Writer: Joe Hill ~ Art: Gabriel Rodriguez ~ Colours: Jay Fotos
Publisher: IDW ~ Year: 2008
The Low-Down: The first volume of a major work of dark fantasy from the acclaimed author of Heart-Shaped Box, this is a gripping and superbly crafted comic book (currently being adapted for US television) that will have you genuinely gripped and hungry for more.
What’s it About?: Their father has been brutally murdered. Now, the Locke children and their mother are living in the old family home outside the town of Lovecraft, and trying to piece their lives back together. Problem is, their house has secrets. There are the keys that open doors in weird and magical ways – turning you into a ghost, letting you go anywhere, and many, many others. And there’s monstrous evil lurking in the shadows, waiting for the chance to find the key to the Black Door…
The Story: A piece of advice – if you’re ever looking for a place in the country to recuperate after a devastating personal loss, don’t even think of moving to somewhere called Lovecraft. Of course, the characters in this opening instalment to the dark fantasy saga Locke and Key don’t know their 1930s pulp horror authors, leading to a whole heap of trouble and one of the most distinctive comics of recent years.
What’s most surprising about Locke and Key – especially in this opening six-issue arc – is how it takes incredibly familiar fantasy/horror tropes and makes them feel fresh, new and accessible. Scriptwriter Joe Hill (author of horror novels Heart-Shaped Box and Horns, and also son of Stephen King) isn’t afraid to use a very traditional setup to tell what turns out as a surprisingly characterful and layered story. Locke and Key is, in many ways, a typical kids adventure story filtered through a brutal, adult perspective – there’s magic and weirdness to be discovered, but at a cost that’s traumatic, often bloody and leaves a difficult aftermath in its wake. The Locke kids each have to deal with their loss in different ways, and the story is just as much about them gradually coming to terms with their father’s death as it is about magically empowered keys. Hill’s characterisation work here is exceptional, giving every character depth and layers, making us care for them while slowly ratcheting the suspense up as the story marches inevitably towards a tense and violent conclusion.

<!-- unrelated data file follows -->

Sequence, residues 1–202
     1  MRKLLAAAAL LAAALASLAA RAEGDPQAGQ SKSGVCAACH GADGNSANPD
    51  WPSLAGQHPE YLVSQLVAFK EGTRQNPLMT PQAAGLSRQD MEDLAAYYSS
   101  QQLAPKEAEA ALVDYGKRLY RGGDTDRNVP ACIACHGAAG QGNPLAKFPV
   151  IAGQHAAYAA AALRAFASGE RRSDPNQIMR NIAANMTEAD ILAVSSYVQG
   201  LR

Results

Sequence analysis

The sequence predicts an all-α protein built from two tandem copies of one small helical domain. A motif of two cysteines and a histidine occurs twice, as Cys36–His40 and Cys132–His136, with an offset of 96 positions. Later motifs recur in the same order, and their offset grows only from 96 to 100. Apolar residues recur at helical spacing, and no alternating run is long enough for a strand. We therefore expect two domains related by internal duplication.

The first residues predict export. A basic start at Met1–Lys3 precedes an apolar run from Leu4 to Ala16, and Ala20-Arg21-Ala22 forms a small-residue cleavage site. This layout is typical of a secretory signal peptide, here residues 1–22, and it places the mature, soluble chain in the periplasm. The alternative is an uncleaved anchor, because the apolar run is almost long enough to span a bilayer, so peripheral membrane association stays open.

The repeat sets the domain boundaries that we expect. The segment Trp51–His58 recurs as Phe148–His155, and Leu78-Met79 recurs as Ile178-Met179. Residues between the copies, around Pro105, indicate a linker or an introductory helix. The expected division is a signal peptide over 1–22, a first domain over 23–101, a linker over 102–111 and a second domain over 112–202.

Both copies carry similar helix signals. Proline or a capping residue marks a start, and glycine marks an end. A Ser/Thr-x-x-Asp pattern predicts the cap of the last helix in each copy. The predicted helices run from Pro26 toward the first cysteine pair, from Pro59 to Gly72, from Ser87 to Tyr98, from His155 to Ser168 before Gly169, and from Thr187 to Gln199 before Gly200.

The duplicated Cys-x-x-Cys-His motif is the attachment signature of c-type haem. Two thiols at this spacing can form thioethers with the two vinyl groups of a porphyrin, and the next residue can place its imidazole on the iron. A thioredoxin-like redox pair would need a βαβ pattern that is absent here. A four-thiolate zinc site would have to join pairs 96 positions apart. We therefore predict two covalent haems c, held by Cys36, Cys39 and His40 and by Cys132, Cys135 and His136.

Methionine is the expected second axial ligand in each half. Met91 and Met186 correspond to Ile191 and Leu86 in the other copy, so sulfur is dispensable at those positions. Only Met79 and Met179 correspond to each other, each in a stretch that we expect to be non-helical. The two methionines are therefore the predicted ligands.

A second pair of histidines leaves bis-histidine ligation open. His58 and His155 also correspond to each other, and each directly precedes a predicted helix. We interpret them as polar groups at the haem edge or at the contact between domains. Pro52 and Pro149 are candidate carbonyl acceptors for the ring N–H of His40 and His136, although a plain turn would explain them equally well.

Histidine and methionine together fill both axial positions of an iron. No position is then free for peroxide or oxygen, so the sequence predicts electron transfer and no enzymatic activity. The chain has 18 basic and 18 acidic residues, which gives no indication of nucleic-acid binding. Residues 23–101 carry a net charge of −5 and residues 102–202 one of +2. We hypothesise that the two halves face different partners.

It also helps that he’s got a great understanding of how comic storytelling works. Writers best known in other mediums don’t always get comic books, and will often make them over-wordy or rely too much on narrative caption boxes for comfort, but Hill gets the pacing and rhythm of the story exactly right, and also knows the kind of tricks you can pull off with the comics medium – creative flashbacks, juxtaposing scenes, and manipulating time in a number of creative ways. He’s able to be inventive, while keeping the drive of the story going, and the end result is a collection that’s extremely hard not to power through in one sitting.
This isn’t the full story, of course. Welcome to Lovecraft is a scene-setter, a suspenseful curtain-raiser for the slightly more slow-burning but still brilliantly crafted main event, the long-form story that continues through the following volumes Head Games, Crown of Shadows, and Keys to the Kingdom (still being published in issue format). Hill has a big story to tell, and he’s willing to take his time – there are only hints of the bigger picture here, but they’re all intriguing enough to almost guarantee you’ll be hooked by the end of this story. Horror comics very rarely manage to be genuinely scary, but Locke and Key pulls it off thanks to brilliant characterisation, sharp storytelling, and a writer who knows exactly what he’s doing.
The Art: Plus, there’s the simply awesome artwork from Gabriel Rodriguez. Showcasing a stunning level of design and detail, Rodriguez has a really interesting visual style that’s almost like a cross between Frank Quitely and Richard Corben, cartoony yet rooted in a very firm and physical sense of realism. The nuances and body language of the characters are all incredibly well portrayed, while he also throws himself into the darker, more horrific material with serious gusto. From full-page splashes to some eerie dream sequences this is great, atmospheric stuff that’s fully supported by some artful and delicate colour work from Jay Fotos. It’s massively impressive, attention-grabbing work – and, amazingly, in comparison to his work on the later volumes, this is just the warm-up act…
The Verdict: An enthralling mix of dark fantasy and horror, this is a characterful and gripping piece of comic-book storytelling that will have you instantly hooked. Yes, there’s a US TV adaptation in the works, but do yourself a favour and get reading the original as soon as is possible.